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India ready to fire cryogenic rocket
Bangalore, Apr 14 (IANS)
Published on 15 Apr. 2010 12:41 AM IST
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India Wednesday readied itself to join the elite space club by firing for the first time its own cryogenic rocket engine to launch an advanced communication satellite.
“The 29-hour countdown began 11.27 a.m. at Sriharikota for launching the geo-synchronous satellite launch vehicle (GSLV-D3) Thursday at 16:27 IST with a geo-stationary satellite (GSAT-4) as its main payload,” Indian Space Research Organisation (ISRO) Director S. Satish told IANS. The Sriharikota spaceport is located on a small island in Andhra Pradesh in the Bay of Bengal, about 80 km northeast of Chennai.
The preparations during the countdown include filling up the second stage and four strap-ons of the 416-tonne rocket with about 200 tonnes of liquid propellants.
“In the run up to lift-off, the cryogenic upper stage will also be filled with propellants. Certain mandatory checks and charging of batteries on the 50-meter tall rocket and the 2.2-tonne satellite on board will be carried during the countdown,” Satish said.
The cryogenic engine provides the Rs.175-crore rocket more thrust for every kg of propellant (fuel) it burns compared to solid and earth-storable liquid propellant stages. In the cooling cryo upper stage, oxygen liquefies at minus 183 degrees centigrade and hydrogen at minus 253 degrees centigrade.
“The Indian cryo engine will be flight tested in the upper (third) stage of the rocket within 8-10 minutes after lift-off. It will burn for 720 seconds (12 minutes) to separate the satellite from the launcher and inject it into the geosynchronous transfer orbit,” Satish said.
All going well and weather permitting, the crucial launch exercise will be about 19-20 minutes, with the first stage taking 150 seconds (2.5 minutes) to lift-off and soar into the sky. The second stage will be fired for 290 seconds (4.8 minutes) to zoom further and shut off to fire the cryo stage to enter the higher earth orbit in the next 12 minutes.
Readiness of the ground stations at Sriharikota, Biak in Indonesia and the master control facility (MCF) at Hasan in Karnataka, about 180 km from here, are also being tested simultaneously.
Only five countries - United States, Russia, France, Japan and China - have the cryogenic engine upper stage technology to launch heavier satellites in geostationary orbit.
India is the sixth country to design and develop the cryogenic technology.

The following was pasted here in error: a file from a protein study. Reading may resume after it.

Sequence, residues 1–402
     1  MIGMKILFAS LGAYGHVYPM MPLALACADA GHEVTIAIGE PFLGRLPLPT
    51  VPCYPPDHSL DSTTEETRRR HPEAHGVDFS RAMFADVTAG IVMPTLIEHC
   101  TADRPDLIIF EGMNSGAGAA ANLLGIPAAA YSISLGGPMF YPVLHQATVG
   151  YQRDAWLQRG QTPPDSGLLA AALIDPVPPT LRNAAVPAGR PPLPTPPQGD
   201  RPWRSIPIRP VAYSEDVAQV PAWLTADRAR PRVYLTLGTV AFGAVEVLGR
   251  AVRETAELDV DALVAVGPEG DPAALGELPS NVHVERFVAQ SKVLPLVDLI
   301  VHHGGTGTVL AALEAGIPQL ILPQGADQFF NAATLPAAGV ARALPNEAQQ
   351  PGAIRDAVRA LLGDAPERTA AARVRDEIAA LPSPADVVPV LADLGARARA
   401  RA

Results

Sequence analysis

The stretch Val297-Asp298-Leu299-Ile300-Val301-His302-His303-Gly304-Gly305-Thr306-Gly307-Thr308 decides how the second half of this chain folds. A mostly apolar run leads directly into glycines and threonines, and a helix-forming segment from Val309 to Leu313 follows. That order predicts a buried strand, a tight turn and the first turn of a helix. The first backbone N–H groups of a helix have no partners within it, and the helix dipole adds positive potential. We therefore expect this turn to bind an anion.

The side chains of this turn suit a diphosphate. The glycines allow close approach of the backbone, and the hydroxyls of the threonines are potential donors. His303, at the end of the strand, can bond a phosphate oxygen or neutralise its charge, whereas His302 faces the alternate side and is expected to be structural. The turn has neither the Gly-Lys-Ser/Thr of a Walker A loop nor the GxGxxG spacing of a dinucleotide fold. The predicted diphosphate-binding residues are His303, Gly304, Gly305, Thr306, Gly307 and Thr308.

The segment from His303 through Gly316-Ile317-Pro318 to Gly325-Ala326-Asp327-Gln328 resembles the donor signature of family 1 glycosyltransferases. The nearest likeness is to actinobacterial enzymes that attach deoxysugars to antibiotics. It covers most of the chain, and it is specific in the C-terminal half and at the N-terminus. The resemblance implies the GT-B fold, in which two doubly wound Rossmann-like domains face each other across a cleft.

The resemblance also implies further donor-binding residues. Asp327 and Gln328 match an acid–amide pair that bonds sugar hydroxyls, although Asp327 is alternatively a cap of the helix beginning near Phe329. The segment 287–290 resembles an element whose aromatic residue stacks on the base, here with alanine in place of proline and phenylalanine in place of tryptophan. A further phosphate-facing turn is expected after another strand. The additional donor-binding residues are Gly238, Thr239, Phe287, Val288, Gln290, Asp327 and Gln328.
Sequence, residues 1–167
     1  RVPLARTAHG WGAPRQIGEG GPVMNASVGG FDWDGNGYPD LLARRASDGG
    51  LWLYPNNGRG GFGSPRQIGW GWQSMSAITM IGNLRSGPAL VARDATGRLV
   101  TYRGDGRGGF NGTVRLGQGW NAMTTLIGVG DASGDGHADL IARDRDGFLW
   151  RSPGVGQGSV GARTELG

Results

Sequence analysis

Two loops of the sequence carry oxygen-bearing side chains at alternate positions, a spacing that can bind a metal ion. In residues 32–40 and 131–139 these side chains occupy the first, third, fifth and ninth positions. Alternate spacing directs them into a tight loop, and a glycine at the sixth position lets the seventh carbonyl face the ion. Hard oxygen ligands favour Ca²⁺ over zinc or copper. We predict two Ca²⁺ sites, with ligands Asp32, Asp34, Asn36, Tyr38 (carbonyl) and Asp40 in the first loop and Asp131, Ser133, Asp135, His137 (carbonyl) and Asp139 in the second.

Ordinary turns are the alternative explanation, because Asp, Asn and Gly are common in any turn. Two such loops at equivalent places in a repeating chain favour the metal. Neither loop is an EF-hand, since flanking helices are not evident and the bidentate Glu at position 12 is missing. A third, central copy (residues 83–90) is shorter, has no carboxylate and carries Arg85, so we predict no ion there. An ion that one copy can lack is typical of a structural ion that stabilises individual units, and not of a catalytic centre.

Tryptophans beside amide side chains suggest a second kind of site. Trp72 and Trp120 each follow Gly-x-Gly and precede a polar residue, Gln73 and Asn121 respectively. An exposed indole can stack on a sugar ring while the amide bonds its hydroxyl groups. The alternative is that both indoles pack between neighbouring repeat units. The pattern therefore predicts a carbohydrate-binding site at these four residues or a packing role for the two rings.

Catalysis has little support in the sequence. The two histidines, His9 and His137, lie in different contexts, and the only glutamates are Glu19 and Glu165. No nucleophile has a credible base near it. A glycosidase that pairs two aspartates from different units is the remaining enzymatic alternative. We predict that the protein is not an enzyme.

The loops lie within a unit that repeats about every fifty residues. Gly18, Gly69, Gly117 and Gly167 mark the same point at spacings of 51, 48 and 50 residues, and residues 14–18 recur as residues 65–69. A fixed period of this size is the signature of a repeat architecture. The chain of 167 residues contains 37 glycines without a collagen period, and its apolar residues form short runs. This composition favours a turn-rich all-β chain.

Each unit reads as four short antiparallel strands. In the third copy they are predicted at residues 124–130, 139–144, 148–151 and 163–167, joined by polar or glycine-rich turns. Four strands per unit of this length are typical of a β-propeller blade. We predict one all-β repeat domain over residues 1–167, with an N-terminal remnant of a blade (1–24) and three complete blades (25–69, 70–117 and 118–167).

When the U.S. prevented Russia from transferring its cryogenic technology to India in 1992, the state-run ISRO embarked on a mission in 1994 to design and develop the cryo engine for achieving self-reliance in such complex technology at a cost of Rs.335-crore (Rs.3.35 billion) in 16 years.
“The technology denial regime has spurred us to develop our own cryogenic upper stage to launching heavier satellites in the higher orbits, about 36,000 km from the earth,” ISRO chairman K. Radhakrishnan told reporters here recently.
India, however, had imported seven cryo engines from Russia but used five to launch heavy satellites (above two-tonne class) in GSLV-Mark I and Mark-II rockets during the last decade.
The Rs.150-crore GSAT-4 has one Ka-band regenerative transponder and a navigation payload that will operate in C-band and L1 and L5 bands for global positioning system (GPS) aided geo augmented navigation (Gagan).
Being an experimental mission and wholly funded by the Indian government, there is no insurance cover for the launch as well as the satellite.
“As a technology demonstrator, GSAT-4 will enable testing of many future communication satellite technologies. After reaching GTO, the satellite will use its own propulsion system to reach its geostationary orbital home and will be stationed at 82 degrees east longitude there,” Radhakrishnan noted. Besides the cryogenic engine, the GSAT-4 has advanced telemetry system and advanced mission computers and larger composite payload faring.
The advanced version of the GSLV is a three-stage rocket with solid, liquid and cryogenic stages. The solid core motor of the first stage is one of the largest rocket motors in the world and uses 138 tonnes of propellant (fuel-oxidiser).

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